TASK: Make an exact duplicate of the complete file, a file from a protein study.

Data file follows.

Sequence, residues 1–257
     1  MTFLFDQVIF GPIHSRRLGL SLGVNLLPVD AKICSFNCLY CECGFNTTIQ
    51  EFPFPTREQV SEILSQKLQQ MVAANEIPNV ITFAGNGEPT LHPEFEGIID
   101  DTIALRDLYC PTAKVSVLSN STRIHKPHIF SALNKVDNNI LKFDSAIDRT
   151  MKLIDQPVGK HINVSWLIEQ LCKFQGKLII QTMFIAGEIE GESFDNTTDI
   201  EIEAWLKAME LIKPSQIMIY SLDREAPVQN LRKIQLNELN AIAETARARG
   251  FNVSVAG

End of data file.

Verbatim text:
Sequence, residues 1–257
     1  MTFLFDQVIF GPIHSRRLGL SLGVNLLPVD AKICSFNCLY CECGFNTTIQ
    51  EFPFPTREQV SEILSQKLQQ MVAANEIPNV ITFAGNGEPT LHPEFEGIID
   101  DTIALRDLYC PTAKVSVLSN STRIHKPHIF SALNKVDNNI LKFDSAIDRT
   151  MKLIDQPVGK HINVSWLIEQ LCKFQGKLII QTMFIAGEIE GESFDNTTDI
   201  EIEAWLKAME LIKPSQIMIY SLDREAPVQN LRKIQLNELN AIAETARARG
   251  FNVSVAG